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Verocytotoxin Producing Escherichia coli: Characterisation of Adhesins

Institutions
University of Warwick
Start date
1996
End date
1999
Objective
The main objectives of this study were to:
  • Examine bacterial cell surface components which have been implicated as adherence factors:
    a) Ultrastructural studies to characterise cell surface antigens by electron microscopy and immunoprobing
    b) Use competitive inhibitors of bacterial adherence, such as purified adhesins, or antibodies to specific cell surface components
  • Examine bacterial adherence to the host epithelial cells under various in vitro conditions, which are as close as possible to those in vivo
  • Examine the expression of adhesins in response to variable physiological conditions e.g. pH; anaerobiosis; low iron; bacterial growth phase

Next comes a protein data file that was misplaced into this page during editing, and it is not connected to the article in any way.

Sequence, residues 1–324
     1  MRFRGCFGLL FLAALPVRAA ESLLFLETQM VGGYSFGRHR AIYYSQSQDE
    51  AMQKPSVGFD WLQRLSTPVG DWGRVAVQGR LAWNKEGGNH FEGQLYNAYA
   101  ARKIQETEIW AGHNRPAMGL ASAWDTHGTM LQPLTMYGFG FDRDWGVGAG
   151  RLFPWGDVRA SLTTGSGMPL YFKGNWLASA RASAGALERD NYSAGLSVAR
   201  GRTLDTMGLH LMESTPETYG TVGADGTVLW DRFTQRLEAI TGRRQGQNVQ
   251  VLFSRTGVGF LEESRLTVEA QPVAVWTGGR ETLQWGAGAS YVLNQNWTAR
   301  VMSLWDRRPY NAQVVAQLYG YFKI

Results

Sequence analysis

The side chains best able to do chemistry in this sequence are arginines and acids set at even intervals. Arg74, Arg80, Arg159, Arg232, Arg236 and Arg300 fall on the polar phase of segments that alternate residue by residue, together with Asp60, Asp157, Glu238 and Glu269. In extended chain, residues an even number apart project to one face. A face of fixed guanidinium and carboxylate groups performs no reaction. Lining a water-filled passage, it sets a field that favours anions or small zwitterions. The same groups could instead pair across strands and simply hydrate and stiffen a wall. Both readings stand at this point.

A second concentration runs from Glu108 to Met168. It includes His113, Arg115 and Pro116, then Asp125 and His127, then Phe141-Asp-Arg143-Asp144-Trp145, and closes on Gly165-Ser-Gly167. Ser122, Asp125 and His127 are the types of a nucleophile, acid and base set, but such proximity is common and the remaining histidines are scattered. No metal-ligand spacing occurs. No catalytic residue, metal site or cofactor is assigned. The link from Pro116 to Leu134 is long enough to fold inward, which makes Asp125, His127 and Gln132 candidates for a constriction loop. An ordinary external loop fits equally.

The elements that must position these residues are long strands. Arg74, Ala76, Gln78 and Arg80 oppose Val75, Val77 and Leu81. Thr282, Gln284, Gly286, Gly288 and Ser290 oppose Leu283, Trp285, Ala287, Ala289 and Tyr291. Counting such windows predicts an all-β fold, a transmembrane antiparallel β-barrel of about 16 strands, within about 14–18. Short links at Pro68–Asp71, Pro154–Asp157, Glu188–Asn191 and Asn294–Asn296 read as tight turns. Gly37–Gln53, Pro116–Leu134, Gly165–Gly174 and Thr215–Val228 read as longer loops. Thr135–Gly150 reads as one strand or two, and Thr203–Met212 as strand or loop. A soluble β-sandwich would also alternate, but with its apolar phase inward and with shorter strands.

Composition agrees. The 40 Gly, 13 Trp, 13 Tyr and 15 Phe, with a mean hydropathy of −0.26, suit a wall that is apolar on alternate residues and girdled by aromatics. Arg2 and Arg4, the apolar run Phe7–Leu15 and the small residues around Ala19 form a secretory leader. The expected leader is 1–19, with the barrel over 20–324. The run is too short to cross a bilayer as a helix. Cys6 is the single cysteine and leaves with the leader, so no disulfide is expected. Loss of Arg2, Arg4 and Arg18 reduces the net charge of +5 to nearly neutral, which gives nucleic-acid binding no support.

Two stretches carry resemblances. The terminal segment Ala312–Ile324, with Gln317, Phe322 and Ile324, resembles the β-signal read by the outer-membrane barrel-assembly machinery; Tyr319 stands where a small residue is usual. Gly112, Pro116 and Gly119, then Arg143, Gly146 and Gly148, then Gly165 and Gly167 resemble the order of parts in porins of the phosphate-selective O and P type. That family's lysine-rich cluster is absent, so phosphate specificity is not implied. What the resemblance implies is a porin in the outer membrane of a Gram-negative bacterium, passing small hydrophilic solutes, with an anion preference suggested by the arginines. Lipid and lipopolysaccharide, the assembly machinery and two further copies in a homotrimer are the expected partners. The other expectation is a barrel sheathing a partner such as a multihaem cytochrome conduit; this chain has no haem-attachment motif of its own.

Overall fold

• Examine the host cell membrane and characterise possible receptors
More information
Verocytotoxin producing Escherichia coli (VTEC) is recognised as an important human pathogen.

Strains belonging to serotype O157:H7 have been predominantly associated with outbreaks of haemorrhagic colitis and haemolytic uremic syndrome, two potentially life-threatening conditions.

VTEC produces one or more cytotoxins, known as verocytotoxins (VTs).

In addition to toxin production, adherence of these organisms to intestinal mucosal cells is thought to be an important primary event in pathogenesis of VTEC infection.

Since the laboratory culture conditions are not the normal environment that pathogenic organisms find during infection, where growth rate is often restricted by nutrient limitation and host defences, this project was designed to investigate bacterial adherence under conditions which are as close as possible to the in vitro situation in the human colon.

Find more about this project and other FSA food safety-related projects at the Food Standards Agency Research webpage.

Funding Source
Food Standards Agency
Project number
B11005
Categories
Escherichia coli
Natural Toxins